x Abu Dhabi, UAESaturday 29 July 2017

Yemen's struggle between old and new threatens success of national dialogue

Planning for the talks, aimed at resolving the country's political, economic and security challenges, is underway with Mr Hadi expected to name members of a committee to set the agenda and the participants by the end of the month.

SANAA // A power struggle between Yemen's new and old guard for control of the country's army and security forces is raising questions about the success of President Abdrabu Mansur Hadi's planned national dialogue.

Planning for the talks, aimed at resolving the country's political, economic and security challenges, is underway with Mr Hadi expected to name members of a committee to set the agenda and the participants by the end of the month.

The national dialogue is part of the Gulf Cooperation Council-backed transition deal that removed Ali Abdullah Saleh, Yemen's longtime president, from office in February after a year-long uprising.

But critics are sceptical that the talks will be productive, given the difficulties Mr Hadi has encountered in restructuring the military mostly controlled by loyalists of the former president, appeasing the southern secessionist movement and suppressing militants in the country's south.

"The Gulf initiative fault is that it wanted the removal of Saleh but the stay of his regime, which is impossible," said Abdulbari Taher, an independent analyst in Sanaa.

"Saleh did not build a state but a gang that is still controlling the army and security forces which make it impossible for change to take place; the deal granted him immunity from prosecution and released his hand to spoil the transition", he said.

In April, Mr Hadi removed Mr Saleh's relatives and loyalists from key army posts as part of a massive restructuring.

But Philip Holzapfel, deputy head of mission at the German embassy in Sanaa, said that supporters of the former regime continue to "undermine the transition process".

"The best solution that would bring a national dialogue process forward would be a coordinated retreat of certain heads of security forces and militias from the political scene. This solution was suggested more than year ago but was not implemented. It is the solution that the majority of Yemenis would agree with," said Mr Holzapfel.

The country's transition envisions the completion of a constitution in late 2013, allowing general elections to take place in February 2014.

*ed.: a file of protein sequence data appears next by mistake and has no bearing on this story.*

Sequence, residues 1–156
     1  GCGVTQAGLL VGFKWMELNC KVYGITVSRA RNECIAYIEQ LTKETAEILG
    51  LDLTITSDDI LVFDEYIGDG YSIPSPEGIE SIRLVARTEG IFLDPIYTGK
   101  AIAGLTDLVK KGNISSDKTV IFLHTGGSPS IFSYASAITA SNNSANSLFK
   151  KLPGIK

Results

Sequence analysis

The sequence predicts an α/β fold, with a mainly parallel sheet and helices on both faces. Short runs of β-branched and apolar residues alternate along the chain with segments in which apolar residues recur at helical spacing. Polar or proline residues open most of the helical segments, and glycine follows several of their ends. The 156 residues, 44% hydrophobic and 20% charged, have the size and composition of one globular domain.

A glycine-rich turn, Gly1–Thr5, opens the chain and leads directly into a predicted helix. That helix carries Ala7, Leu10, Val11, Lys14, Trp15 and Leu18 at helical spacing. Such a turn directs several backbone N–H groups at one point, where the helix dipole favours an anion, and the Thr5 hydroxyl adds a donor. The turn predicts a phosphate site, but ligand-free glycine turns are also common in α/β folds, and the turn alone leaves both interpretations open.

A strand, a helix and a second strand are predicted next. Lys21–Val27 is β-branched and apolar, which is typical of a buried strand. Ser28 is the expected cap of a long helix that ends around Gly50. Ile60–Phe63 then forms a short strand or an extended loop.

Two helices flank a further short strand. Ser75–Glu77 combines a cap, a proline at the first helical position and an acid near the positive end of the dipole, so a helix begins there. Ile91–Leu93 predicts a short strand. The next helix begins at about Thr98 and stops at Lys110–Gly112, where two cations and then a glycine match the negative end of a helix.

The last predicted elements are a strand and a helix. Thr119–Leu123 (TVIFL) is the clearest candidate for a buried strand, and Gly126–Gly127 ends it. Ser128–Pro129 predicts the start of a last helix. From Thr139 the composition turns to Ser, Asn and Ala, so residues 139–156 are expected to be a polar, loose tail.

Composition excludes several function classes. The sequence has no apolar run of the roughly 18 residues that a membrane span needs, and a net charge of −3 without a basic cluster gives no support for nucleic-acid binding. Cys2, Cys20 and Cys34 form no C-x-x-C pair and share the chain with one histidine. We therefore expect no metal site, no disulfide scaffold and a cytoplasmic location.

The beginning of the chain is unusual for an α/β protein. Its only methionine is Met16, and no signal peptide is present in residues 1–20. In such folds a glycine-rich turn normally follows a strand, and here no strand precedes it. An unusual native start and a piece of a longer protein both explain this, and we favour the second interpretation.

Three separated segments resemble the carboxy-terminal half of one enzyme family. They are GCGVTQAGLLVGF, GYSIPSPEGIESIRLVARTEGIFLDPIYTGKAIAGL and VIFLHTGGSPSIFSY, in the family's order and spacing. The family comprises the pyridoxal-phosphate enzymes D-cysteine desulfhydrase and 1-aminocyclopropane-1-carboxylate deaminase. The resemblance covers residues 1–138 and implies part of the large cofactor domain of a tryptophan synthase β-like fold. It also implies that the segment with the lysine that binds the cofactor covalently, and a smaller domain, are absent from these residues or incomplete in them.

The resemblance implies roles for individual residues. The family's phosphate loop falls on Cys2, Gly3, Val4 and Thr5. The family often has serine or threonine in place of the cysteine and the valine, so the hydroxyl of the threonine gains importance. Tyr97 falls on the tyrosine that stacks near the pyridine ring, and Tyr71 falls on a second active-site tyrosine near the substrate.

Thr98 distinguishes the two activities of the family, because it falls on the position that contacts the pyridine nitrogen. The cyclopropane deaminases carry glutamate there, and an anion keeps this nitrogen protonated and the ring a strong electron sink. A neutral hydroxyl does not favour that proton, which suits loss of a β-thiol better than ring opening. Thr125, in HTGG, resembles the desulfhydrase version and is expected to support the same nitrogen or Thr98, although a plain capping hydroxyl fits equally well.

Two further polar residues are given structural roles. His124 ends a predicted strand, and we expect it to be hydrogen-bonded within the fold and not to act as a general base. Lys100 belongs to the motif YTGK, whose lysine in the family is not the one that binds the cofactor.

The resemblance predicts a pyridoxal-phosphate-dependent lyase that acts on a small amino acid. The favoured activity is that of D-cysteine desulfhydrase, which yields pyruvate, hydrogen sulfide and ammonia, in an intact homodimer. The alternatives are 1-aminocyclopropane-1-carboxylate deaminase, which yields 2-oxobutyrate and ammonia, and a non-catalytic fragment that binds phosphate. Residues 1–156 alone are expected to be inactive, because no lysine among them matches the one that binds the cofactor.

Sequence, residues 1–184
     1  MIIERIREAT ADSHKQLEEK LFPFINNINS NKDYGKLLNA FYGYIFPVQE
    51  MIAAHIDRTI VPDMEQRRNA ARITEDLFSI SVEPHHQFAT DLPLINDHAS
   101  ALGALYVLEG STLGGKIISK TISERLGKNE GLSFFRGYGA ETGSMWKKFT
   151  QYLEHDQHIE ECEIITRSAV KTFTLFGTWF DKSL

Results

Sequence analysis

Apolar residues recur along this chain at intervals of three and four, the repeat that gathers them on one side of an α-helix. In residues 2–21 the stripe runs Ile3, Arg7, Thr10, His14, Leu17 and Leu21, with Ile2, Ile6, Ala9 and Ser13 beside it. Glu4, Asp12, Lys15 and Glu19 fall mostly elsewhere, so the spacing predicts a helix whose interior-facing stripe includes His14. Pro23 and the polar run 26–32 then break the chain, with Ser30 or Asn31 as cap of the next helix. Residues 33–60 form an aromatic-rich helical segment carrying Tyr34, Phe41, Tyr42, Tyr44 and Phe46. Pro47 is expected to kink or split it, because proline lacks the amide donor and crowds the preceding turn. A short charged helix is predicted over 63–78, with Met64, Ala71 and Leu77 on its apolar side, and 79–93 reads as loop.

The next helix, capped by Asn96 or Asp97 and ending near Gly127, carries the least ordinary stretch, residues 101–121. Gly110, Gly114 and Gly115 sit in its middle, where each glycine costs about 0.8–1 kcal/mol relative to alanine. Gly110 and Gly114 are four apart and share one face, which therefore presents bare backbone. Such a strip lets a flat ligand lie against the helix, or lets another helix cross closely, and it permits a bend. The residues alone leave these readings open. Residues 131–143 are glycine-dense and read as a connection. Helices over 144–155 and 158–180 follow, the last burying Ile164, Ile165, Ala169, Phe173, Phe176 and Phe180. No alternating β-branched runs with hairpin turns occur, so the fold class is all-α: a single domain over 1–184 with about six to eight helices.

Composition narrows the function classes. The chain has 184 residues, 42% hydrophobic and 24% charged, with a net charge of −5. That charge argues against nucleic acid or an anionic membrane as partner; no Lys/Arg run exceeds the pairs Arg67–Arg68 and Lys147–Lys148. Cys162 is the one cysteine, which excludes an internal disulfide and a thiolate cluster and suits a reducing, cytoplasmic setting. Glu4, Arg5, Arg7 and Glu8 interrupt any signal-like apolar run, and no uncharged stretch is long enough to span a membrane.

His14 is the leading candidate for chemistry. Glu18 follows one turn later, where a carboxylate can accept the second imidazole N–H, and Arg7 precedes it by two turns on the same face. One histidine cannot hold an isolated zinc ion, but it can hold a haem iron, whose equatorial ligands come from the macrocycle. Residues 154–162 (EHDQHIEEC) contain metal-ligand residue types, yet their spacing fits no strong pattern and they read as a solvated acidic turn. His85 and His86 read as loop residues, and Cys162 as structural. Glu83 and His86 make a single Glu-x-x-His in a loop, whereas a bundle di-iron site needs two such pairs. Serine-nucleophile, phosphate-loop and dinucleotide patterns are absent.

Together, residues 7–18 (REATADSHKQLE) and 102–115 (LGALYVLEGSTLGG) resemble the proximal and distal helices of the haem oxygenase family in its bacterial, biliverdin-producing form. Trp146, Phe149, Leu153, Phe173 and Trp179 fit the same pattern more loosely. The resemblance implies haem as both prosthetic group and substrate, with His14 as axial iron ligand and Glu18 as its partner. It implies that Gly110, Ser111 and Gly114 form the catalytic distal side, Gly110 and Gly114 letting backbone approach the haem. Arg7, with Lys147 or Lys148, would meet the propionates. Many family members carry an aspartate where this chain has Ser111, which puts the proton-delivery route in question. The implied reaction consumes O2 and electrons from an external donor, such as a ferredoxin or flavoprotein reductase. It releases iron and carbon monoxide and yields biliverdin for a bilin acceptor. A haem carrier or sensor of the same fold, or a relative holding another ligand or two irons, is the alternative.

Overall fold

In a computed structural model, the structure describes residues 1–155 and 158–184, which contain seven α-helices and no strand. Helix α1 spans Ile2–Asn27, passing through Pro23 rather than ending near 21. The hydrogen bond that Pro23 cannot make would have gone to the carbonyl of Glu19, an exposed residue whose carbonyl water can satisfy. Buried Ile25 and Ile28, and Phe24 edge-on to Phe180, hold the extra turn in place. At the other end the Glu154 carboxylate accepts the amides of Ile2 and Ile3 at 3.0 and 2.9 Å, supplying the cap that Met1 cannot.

At a news conference on Saturday, the eight-member liaison committee setting the groundwork for the talks said it was making progress in bringing together Yemen's disparate groups. Rebels in Sadaa province, a stronghold of the Shiite Houthis who fought an intermittent war against the government for about six years, have agreed to take part. Later this month, the committee will meet leaders of a secessionist movement in southern Yemen, formerly a separate state whose 1990 union with the north collapsed into civil war four years later.

Nadia Al Sakkaf, liaison committee spokesman, said it was proving difficult to find representatives of certain groups to take part in the talks.

"It was easy to speak with the Houthis as they have a single leadership. But, it is difficult to speak with the Hirak or southern movement, women, and youths at protest squares as they do not have a single leadership", she said.

Abdulkarim Al Iryani, committee chairman, said it does not set conditions for participating in the dialogue.

"The dialogue is open to all forces that believe in peaceful political practice and any one that has conditions must put them on the table of the discussions. There is no ceiling or red line for the engagement in the dialogue," said Mr Al Iryani.

But Mr Taher said the talks will be successful only if Mr Hadi has full control over the army and security forces.

"I do not know what kind of dialogue we will have while the president is toothless and his decisions are not implemented. Most of the towns are occupied by divided troops and this has intensified the deterioration of the security situation and delayed the crackdown on Al Qaeda militants in Abyan," he said.

"Army troops should be unified first and pushed outside the cities so that the door is opened for political talks and solutions," said Mr Taher.

In his briefing to the UN Security Council last week, Jamal Benomar, the UN special envoy to Yemen, said the success or failure of the national dialogue is likely to make or break Yemen's transition to democracy. The Security Council is expected to vote May 29 on a resolution that supports efforts by Yemen's president to advance the country's transition to democracy and threatens non-military sanctions against those trying to undermine the country's national unity government.


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